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Cognitive strategies

At Greenacres, we have specifically researched cognition (thinking) and metacognition (the language of thinking).  We believe that one of the roles of our school is to ensure children become self-regulated learners, able to make conscious decisions about the learning strategies they prefer and to articulate their choice to others.

Our evidence base is grounded in, 'Understanding How We Learn,' (Weinstein, Y., 2018) and, 'Metacognition and Self-Regulated Learning,' (E.E.F. 2018).


Our staff empower learners through the explicit teaching of strategies, metacognitive prompts, and questioning skills to drive independence and self-efficacy.  Research shows that these support self-regulated learning in people of all ages.

Recognised Strategies Deployed at Greenacres for Deep Learning

Spaced Practice   

We have a spiralised curriculum.  This supports time for reflection, repetition, and consolidation leading to deep learning.  Concepts are returned to again and again with the cross- application and transference of skills - to include a commitment to problem solving and reasoning – giving explanations for our thinking. Space allows time for assimilation and synthesis.  A curriculum which spreads concept learning over time, with built in opportunities to apply and transfer understanding through subjects, gives scope for longer term deep learning.  Having a good understanding of the breadth of the curriculum will support teachers in planning for spaced practice.  Short quizzes or recall  happen in class  across the school teachers must keep returning to core concepts and knowledge.

Retrieval Practice (write, sketch) 

This involves bringing information into mind from memory. It can be either cued or free recall – either with or without the text or source of information or without.  Learners are taught specific strategies such as Point, Evidence, Explain (PEE), summarising, paraphrasing, conjecturing, critical questioning, inference, and challenge rather than re-reading word-for-word. They are taught to apply to critical and creative thinking and real-life  situations – such as local  or  political events or Big Outcomes.  This is a   combined life and functional skill with knowledge underpinning everything - at its base. This is true synthesis - pulling the threads together based on evidence. Logically, most teaching sequences will start with cued retrieval (on-going), then free retrieval, and finally spaced.

Free recall is when all scaffolds are removed and children, verbally or through writing, recall everything they know about a topic from memory without using any cues.  This can include other strategies – including collaboration- supporting ones such as Think, Pair, Share – to support recall.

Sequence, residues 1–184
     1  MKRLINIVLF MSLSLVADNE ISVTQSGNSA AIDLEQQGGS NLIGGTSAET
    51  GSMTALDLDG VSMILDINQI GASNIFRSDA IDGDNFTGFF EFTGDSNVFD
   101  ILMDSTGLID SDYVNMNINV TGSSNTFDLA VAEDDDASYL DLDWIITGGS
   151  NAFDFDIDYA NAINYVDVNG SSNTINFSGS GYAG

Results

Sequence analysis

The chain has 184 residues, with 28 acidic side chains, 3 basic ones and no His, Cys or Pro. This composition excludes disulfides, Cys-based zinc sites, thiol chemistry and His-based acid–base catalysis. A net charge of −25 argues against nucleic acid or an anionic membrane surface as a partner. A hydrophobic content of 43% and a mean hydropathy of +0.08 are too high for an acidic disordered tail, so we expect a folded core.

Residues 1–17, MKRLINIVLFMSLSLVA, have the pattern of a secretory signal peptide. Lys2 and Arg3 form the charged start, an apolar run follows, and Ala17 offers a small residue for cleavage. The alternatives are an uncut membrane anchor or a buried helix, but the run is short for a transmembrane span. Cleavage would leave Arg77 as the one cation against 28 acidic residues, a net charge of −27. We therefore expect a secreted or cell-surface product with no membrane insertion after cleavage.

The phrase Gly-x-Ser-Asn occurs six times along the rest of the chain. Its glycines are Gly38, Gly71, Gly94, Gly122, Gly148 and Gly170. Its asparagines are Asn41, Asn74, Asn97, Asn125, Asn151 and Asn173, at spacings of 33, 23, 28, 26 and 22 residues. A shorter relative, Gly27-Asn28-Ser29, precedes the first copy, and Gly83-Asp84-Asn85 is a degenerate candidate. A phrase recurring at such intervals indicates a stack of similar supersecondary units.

The learning culture must be to critically question and expect explanation of why and how things work. New information can be chunked to pre-existing knowledge, supporting understanding and increasing the brain’s capacity to retain information. Teachers must interrogate ‘critical’ thinking and encourage children to think deeply about meaning.  Going from the concrete, to the pictorial, to the abstract will support elaboration. As learners, we pose questions ourselves and strive to give meaningful answers to deepen understanding.



This is the process of switching between ideas / problems as we study and making connections between them or looking at things in a different order. As learners, we make links between ideas and need to support children in this skill.  This complements spaced learning and free recall strategies but children need prompting to make the connections to support chunking.

Concrete Examples 

All learners sometimes need to have the abstract brought back to the concrete.   At  Greenacres, we consider the concrete, practical, and abstract approaches across learning.  The use of visualisation and specific examples in context is key and modelling is always present in lessons.

Dual Coding 

This is the combination of  visuals (words and / or pictures) and verbal (spoken). We must be aware of cognitive overload and ensure that the words are not doing the work of the visuals or vice versa.

Information Literacy


All children are taught to use information creatively, ethically, and critically.  Learning is not to be the regurgitation of facts but should be used to support decision making and creative problem solving.  Children should be encouraged to synthesise information from different sources as this will contribute to deeper learning.  A sequenced and interconnected approach to teaching will support the transference of understanding between different subjects.  Learning should not be insular - viewed in isolation - relevant to just one subject. The use of technology should be used to develop the skills of analysis, discernment, synthesis, creativity, investigation, collaboration, communication, organisation, critical evaluation of sources and reflection. We must ensure our children are familiar with recent and new technologies and they should be shown how to use them intelligently. A key part of this process is about educating children in the rigorous, creative, and critical use of research.


Outcomes should be clearly modelled with success criteria explicitly talked to using the language of metacognition.